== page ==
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I've just stumbled into "We’ll cover this idea more later" in a book. Is it a widely used form? and if so, what's the difference from plain 'later'?

To me it sounds weird, even ungrammatical, but I'm not a native English speaker.

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It is grammatically correct in this sentence, but there are conditions where it would be grammatically incorrect. The "more" in your example is modifying the verb "cover," whereas I believe you're reading it as modifying the adverb "later." "More" is clarifying the comparative degree of the verb (we will cover it in more detail than we just covered it now), while "later" is indicating when the action of covering the topic more will occur.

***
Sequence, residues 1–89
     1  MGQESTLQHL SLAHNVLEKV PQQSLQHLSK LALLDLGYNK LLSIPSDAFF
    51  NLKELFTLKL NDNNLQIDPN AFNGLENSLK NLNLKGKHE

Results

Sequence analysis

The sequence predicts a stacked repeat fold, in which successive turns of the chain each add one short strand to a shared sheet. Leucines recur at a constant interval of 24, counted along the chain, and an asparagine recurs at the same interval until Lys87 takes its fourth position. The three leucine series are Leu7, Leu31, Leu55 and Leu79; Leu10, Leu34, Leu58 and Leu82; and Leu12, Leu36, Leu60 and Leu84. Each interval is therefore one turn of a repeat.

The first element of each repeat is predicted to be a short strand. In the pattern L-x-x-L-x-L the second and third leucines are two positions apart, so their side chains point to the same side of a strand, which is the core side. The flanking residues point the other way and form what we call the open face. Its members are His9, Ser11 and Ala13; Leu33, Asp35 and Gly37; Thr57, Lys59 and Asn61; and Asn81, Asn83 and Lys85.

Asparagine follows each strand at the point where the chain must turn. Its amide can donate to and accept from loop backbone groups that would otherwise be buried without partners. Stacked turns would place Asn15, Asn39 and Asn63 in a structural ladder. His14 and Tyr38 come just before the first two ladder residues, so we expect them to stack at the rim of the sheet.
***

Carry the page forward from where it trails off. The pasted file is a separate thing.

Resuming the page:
However, if the speaker meant to use "more" to modify "later," such a sentence would be gramatically incorrect.

Example: "It's much more later than my bedtime right now."

As you can see, this would be grammatically redundant, as the word "later" already means "more late." So, to modify it with the word "more" is unnecessary.

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  • I believe we could use still later instead of more later to say than something happens after previous later (nowlaterstill later). Commented Oct 25, 2022 at 12:41

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